QUOTE (Weareallone @ Nov 19 2011, 06:55 PM)
The killing field in a sweet-melon plantation
A most mysterious event in World’s history is the disappearance of the Varman Dynasty from a greatest Khmer empire at Angkor, nowadays in Cambodia. Many theories for its destruction have been proposed -- ranging from warfare, famine, disease and environmental deterioration. Here, I will propose new theories:
* The Varman dynasty was abolished by a slave revolt
* The Varman and their people, the ancient Khmer, were referred to by the local people (mostly slaves) at Angkor back then as Siamese.
* When the local people were successful in killing/expelling the Siamese off Angkor they re-named the city as Siamreap, meaning Extinction of Siamese.
* The Varman relatives fled Angkor to establish Sri Ayodhaya, which later became the capital of the kingdom of Siam.
I will try to support the proposed theories with evidences, reasons, historical contexts as well as common senses.
1) The Varman dynasty had been ruling the magnificent Angkor Empire for around 500 years (since around 900 AD.) but it had disappeared abruptly in 1336 AD.
2) The new king after that was “Trosok Pream” which in Cambodian means “sweet melon.” The traditional suffix “Varman” has never appeared in Cambodian kings’ names again ever since.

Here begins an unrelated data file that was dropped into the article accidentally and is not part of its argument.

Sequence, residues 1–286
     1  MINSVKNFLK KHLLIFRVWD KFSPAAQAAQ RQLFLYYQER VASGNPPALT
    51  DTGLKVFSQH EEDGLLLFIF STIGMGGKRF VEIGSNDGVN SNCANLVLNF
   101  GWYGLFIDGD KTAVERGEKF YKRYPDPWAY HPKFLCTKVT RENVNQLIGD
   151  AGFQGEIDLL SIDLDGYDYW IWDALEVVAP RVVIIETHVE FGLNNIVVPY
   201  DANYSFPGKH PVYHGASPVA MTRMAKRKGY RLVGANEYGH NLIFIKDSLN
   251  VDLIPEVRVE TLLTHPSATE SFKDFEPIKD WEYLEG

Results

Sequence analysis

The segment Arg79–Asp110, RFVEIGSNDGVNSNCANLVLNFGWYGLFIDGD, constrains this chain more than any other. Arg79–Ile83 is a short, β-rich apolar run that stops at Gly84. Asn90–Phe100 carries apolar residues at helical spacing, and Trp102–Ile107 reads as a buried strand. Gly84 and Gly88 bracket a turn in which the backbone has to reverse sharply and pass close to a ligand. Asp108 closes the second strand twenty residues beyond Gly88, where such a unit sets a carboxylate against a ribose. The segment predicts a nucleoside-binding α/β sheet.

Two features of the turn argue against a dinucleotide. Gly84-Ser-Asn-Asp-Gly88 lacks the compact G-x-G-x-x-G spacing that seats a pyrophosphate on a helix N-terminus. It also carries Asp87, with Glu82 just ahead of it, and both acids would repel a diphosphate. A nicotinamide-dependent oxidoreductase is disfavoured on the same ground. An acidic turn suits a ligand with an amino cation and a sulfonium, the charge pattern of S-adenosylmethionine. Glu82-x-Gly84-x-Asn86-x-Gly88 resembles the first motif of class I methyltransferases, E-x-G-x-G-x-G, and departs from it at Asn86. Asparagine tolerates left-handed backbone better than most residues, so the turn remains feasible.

3) A most accepted theory for the disappearance of Angkor has been that of its sacking by the invading Siamese Army. Little is known that the spiritual destruction of Angkor had preceded its physical destruction long before that -- and it began in 1336 AD. , the year of the killing field in a sweet melon plantation. This article will propose a new theory and will propose further that Cambodians are not the same group of people as the ancient Khmer who built Angkor.
4) According to the first Chronicle of Cambodia, authored by one of the greatest kings of Cambodia “Nak-Ang-Eng” or Narairacha III (around 1800 AD) --purely Cambodian in his conduct –without as yet any influence of France--Cambodia’s ancestors are this King Sweet-Melon and his son named Nippean-bot.
5) King Sweet-Melon, according to the Chronicle, was formerly a farmer in the royal palace. He grew such a sweet melon that the king gave him a sacred spear in order to fend off thieves who might come to steal the precious melon. One night, the king had been so craving for the melon that he walked onto the melon field to pick one for himself. Mr. Sweet-melon mistook the king for a thief and speared him to death. After that, he took the princess as his wife and ascended the throne.